Research has shown certain consequences for kids undermine the goal of raising good, moral children. However, natural and logical consequences are invaluable teachers.
The main goal of my parenting is to raise moral children. And even though my end goal is clear, getting there is certainly full of twists and turns. You see, my children entered this world with their own strong-willed temperaments and, as such, getting them to respond to listen and respond calmly are works-in-progress.
There are days where everything can feel like a power struggle.
For instance, just the other day, we had to drive home in traffic. That afternoon, we met up with my brother and his dogs, walked down to an inlet and took an aqua bus to visit a local hotspot. After eating their fill of cheese and pepperoni pizza, we took the kids to a splash pad with a free water slide. For the next hour or so, my two oldest kids endlessly mounted the wet wooden staircase to ride the slide down.
Though the day could not have been better, my timing was less than perfect. When we got onto the highway, we were met with gridlock. Rush hour had begun. And just as we hit that wall of traffic, something in my older two snapped. Almost immediately, they were roughhousing and squealing at decibel levels that left my ears ringing. Then, I heard a snap. Then another snap followed by maniacal laughter. They had taken the tricks my brother had bought them at a magic shop and were throwing them throughout the car.
My heart rate began to accelerate as I gripped the steering wheel tighter.
In the past, I might have yelled at my kids to be quiet.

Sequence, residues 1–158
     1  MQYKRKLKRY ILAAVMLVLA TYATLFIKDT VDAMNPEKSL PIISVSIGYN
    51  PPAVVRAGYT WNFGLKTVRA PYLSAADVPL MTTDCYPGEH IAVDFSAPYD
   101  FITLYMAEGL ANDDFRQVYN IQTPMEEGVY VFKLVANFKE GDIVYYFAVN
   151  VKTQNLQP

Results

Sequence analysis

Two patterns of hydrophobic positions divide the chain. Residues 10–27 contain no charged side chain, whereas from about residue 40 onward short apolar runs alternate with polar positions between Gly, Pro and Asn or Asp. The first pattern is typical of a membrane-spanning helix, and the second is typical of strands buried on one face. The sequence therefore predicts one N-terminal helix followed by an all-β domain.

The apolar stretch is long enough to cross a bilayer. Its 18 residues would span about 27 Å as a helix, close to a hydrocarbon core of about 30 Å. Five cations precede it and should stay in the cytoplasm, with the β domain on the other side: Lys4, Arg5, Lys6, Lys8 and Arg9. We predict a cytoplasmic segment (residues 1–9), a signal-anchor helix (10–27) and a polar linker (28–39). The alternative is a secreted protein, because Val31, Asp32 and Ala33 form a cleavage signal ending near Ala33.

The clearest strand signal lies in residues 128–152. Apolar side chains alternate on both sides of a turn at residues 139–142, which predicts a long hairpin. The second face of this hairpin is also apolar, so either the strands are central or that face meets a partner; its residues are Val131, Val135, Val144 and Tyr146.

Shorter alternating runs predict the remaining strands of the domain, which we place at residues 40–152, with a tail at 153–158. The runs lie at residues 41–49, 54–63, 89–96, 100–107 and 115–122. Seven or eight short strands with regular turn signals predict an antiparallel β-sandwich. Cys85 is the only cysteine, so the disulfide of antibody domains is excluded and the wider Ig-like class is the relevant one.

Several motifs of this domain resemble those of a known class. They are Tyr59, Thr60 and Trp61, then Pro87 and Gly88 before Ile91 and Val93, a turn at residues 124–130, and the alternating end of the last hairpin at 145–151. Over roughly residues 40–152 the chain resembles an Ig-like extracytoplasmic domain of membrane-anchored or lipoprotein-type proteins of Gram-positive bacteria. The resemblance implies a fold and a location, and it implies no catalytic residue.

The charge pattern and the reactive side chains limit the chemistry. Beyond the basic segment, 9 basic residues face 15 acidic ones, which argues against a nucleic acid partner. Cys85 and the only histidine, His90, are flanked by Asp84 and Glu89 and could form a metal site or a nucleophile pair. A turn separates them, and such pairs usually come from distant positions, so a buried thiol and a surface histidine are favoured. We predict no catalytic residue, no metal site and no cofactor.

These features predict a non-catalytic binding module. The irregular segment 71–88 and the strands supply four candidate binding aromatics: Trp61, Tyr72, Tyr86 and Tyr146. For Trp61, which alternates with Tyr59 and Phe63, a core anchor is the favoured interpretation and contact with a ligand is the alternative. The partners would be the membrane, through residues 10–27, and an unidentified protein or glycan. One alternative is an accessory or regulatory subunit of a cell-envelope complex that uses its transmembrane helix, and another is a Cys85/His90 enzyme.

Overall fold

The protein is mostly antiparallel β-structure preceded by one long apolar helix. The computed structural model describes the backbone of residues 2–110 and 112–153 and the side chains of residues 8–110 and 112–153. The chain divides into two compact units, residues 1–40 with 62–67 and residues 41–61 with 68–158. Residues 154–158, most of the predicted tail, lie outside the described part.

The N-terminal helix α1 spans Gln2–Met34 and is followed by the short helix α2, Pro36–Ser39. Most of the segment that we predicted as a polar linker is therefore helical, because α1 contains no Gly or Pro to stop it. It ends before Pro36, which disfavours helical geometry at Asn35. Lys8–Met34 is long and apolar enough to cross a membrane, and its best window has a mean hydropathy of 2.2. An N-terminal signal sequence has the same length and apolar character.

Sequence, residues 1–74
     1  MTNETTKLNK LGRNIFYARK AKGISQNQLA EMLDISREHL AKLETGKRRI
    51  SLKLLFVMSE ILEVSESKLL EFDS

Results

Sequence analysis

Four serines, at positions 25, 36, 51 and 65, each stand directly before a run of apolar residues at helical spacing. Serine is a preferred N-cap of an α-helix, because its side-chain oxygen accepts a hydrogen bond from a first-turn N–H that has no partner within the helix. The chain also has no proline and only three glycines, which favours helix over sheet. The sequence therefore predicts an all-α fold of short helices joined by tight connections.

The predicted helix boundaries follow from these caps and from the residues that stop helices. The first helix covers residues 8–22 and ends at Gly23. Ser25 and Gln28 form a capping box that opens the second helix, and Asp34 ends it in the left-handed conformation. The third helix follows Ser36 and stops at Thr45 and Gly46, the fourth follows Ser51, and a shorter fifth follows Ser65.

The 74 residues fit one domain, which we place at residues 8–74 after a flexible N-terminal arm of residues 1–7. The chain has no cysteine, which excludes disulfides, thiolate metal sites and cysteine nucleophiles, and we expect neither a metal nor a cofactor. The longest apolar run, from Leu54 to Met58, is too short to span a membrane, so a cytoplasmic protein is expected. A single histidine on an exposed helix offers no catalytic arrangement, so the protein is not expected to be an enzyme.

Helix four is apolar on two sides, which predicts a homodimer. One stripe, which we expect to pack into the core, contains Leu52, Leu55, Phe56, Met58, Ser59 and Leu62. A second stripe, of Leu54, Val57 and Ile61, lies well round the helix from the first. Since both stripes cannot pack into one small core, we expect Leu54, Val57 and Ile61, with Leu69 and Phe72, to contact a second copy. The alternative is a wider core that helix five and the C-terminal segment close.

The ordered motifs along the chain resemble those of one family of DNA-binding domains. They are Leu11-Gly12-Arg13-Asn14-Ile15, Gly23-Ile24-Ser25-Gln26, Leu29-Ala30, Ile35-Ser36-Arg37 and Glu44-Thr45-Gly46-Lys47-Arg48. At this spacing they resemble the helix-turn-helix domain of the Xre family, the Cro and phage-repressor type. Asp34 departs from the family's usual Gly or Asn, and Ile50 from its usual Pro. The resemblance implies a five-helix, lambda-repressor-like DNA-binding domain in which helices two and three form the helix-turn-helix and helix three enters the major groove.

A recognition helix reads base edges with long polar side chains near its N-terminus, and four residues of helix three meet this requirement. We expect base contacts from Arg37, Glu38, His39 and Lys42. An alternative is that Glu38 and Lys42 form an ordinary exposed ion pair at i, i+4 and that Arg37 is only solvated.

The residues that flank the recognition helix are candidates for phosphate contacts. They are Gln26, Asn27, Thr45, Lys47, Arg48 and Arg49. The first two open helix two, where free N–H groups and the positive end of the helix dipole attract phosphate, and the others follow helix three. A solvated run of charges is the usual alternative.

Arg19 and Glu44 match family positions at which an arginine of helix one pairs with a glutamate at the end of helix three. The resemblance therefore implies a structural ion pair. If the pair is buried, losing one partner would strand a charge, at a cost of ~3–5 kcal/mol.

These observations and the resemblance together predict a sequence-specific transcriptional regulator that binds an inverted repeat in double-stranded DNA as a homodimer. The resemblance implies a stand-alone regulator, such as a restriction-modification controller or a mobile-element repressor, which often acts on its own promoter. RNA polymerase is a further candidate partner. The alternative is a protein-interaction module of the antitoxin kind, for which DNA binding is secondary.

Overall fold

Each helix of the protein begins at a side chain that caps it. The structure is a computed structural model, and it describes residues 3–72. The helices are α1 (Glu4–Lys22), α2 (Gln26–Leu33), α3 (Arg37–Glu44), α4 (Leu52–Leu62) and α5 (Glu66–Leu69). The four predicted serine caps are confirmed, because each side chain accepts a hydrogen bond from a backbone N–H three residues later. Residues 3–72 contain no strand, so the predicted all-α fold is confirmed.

In fact, I likely would have yelled and threatened some sort of arbitrary consequence like, “If you don’t quiet down right now, there will be no dessert!”
For the longest time, I didn’t know how to execute discipline any better. So, there were times my emotions got the best of me. But, the more I read about moral development, the more I understand that this approach to parenting – anger coupled with arbitrary consequences – only undermined my goal to raise good children.
Related reading: How to execute positive parenting from a position of strength
What research says about arbitrary consequences for kids
In the short term, my yelling or threats of taking away ice cream may work.
My children fear my anger and want to do whatever it takes to get dessert. However, research shows that long term rewards and punishments are ineffective (1). In an analysis of studies on moral development, researchers found that parents who overpower, are negative, conflictual and sarcastic with their children have children with less mature moral reasoning (2). Not only that, but these researchers found that when mothers are relatively angry and use physical or verbal pressure on their children, their children become more reliant on external pressures to comply, are more resentful towards their mothers and are more likely to reject her rules in the future. Additionally, children who were raised where power exertion was regularly used showed lower internalized moral values and less mature moral cognition.
When applied to my children this means that the more I yell and the more I threaten to take away ice cream, the more they will resent me and the less likely they will be to value what I’m trying to teach them (in this case to be respectful and quiet while someone is driving).